Friday, March 12, 2010

Sleep, and the lack thereof

i love sleep.
No, really. i LOVE sleep. love it. not in the 'oh yeah, i like to get enough sleep when i can' kind of way. in the 'i would sleep ten hours a day plus naps if i got the chance' kind of way.
No, i don't have a sleeping disorder (unless you consider children a disorder!). i just love sleep, that's all... i love napping, i love dreaming, i love the feeling of waking up completely refreshed. i even like it when i feel like i've overslept.

Unfortunately, my sleep schedule has been consisting of less sleep, more wakefulness for quite some time. Say, 5 years or so. Now, don't get me wrong. i LOVE my kids. but MAN, do they ever frak up a parent's sleeping!

caution: ranting ahead!

When i was pregnant, i of course had trouble sleeping comfortably. that was fine. i just slept extra to compensate. When my daughter (now a precocious 4 year old) was born, we (read 'I' ) decided to *gasp* co-sleep with her (you can insert the 'tisk tisk, what a bad mother' here if you desire), a la European tradition. It was GREAT (except having even less room in bed) but i could sleep. lots. and did! baby fusses, you wake up enough to stick boob in mouth, baby nurses, and you fall back asleep. worked beautifully.

eventually, we graduated her to a co-sleeper (essentially, a bassinet that attaches to the parents bed, with one side down to allow the parent to easily access the child while in bed). this was also good. after a little coaxing, we were able to separate the co-sleeper and convert it into a mini-crib, still in our room. fabulous. unfortunately, this meant i had to start getting up to nurse, usually 4-8 times a night. this cut into my sleep allotment a fair bit, but i coped. little girl napped a lot during the day, and tended to get pretty drugged up from the oxytocin in breast milk. so she slept well, when she was sleeping.
over time, we moved her to her own room, and then graduated her into a  full size crib. at this point, she was slightly under a year old. then we made our first big mistake. we decided to try sleep training. specifically, the cry-it-out methods i had read about.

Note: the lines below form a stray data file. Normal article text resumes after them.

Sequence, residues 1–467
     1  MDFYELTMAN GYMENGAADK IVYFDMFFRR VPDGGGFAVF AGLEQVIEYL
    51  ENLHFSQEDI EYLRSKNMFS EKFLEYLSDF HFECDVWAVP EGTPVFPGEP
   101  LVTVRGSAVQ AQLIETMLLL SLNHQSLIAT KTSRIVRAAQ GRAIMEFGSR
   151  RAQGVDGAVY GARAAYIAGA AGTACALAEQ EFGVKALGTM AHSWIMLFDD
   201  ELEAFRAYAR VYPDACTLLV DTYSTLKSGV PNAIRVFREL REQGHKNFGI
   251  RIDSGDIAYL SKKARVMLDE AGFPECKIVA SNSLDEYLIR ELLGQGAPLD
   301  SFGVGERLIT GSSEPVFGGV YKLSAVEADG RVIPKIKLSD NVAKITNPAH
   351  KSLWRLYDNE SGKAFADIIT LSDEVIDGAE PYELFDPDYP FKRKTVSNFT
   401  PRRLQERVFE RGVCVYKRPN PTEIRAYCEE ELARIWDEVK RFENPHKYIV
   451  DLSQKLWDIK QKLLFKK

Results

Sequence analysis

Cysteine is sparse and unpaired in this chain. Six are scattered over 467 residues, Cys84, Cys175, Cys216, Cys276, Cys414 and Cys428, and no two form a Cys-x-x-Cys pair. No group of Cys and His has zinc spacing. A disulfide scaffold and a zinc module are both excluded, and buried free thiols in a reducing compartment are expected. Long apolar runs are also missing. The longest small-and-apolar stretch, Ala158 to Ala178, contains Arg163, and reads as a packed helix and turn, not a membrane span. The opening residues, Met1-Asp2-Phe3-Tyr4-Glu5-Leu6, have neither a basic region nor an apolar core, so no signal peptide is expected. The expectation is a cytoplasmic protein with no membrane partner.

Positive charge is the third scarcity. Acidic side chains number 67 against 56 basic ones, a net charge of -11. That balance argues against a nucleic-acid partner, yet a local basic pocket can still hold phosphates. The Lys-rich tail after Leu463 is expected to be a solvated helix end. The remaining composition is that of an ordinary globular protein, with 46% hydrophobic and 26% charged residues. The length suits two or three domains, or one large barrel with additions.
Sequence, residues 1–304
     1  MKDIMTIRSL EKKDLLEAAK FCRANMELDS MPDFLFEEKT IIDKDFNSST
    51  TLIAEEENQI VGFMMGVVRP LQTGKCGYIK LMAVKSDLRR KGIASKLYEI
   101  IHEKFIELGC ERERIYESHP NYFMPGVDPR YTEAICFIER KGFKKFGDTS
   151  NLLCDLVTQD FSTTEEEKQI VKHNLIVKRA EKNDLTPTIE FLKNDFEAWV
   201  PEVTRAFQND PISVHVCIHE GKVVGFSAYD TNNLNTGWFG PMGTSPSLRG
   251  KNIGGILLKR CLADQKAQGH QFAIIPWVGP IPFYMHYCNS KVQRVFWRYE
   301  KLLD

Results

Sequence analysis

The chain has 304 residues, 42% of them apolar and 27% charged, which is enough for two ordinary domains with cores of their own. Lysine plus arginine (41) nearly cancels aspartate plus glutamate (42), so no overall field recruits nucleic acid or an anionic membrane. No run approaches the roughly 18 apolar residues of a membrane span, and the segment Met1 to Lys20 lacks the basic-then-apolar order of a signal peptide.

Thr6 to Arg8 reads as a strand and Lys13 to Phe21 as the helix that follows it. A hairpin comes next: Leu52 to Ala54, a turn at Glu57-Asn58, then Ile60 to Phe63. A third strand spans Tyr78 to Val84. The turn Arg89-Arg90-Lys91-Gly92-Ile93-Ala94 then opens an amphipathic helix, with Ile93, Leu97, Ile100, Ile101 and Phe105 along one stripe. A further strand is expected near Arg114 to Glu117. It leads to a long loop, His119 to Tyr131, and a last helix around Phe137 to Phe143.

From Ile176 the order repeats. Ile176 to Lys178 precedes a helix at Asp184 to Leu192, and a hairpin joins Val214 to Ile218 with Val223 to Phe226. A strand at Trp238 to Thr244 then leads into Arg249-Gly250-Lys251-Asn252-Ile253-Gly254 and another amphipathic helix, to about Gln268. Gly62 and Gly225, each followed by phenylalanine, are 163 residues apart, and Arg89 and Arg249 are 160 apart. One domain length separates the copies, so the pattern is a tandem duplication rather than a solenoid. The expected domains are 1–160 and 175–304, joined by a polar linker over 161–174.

You might have the idea it didn't work. that'd be an understatement. after weeks of trying the techniques for a few days, then stopping because it wasn't working at all, we ended up with a child that would have panic attacks, scream and eventually vomit every time she was placed in or woke up in her crib. it was great. Really great. We ended up chucking the idea of using the crib at all, and putting it in storage. we took her mattress, and laid it on the floor (so she couldn't fall and hurt herself) and started trying to get her to sleep on her own using no-cry methods (ie i would nurse her until she was lightly asleep, then put her down, and hum while touching her back until she was fully asleep... then i would eventually creep out of the room. it took forever, but was still less stressful than the screaming). Middle of the night feedings were okay, it was just getting her to sleep that was the problem.

skipping forward a bit,  by the time she's two or so, she's in her own big-girl twin bed, she can put herself to sleep, and she sleeps fairly well, only getting up for potty stops and the occasional glass of water. easy peasy. okay, that's a bit of a fib. it was a lot of patience and hard work extra patience getting her to learn to sleep comfortably on her own.
As parents, we patted ourselves on the back, and finally got some fairly good nights sleep.

then i got pregnant again.
see previous cycle, only different.
pregnancy: fine.
co-sleeping: fine. my joints don't love me as much as last time, contorting to allow for monkey-boy to sleep with us, but i'll survive.
little man into co-sleeper: fine. later than with little girl, but it works okay. still wake up every 90-120 mins for feedings, most nights.
we finally get him into his own room when he's around a year. in a crib. it's 'okay'. getting him to sleep is a task of patience (nursing, rocking, humming, and tiptoeing... then some days repeat X 3 or 4 if he's teething or unsettled) and he's still nursing every couple hours (which i think of as 'normal'... or at least 'normal' for my kids)
Unfortunately, he's not as easy a sleeper as his sister was. he only sleeps maybe 10 hours a night, including wake ups..  and often doesn't nap more than an hour a day. he also doesn't get nearly as sleepy when nursing, so getting him to sleep at all is more of a challenge.

i've actually thought about starting him with some sort of self-soothing techniques/sleep training, but i'm holding off. why? Gods know i'd appreciate a little extra sleep (i really don't function that well on less than 8 hours!) Primarily, i know that if i start anything that is going to involve extra crying, instead of having ONE whiny kid up in the middle of the night, i'll have TWO.... plus hubby getting even less sleep because he'll have to deal with one of them while i deal with the other. it's a no-win situation.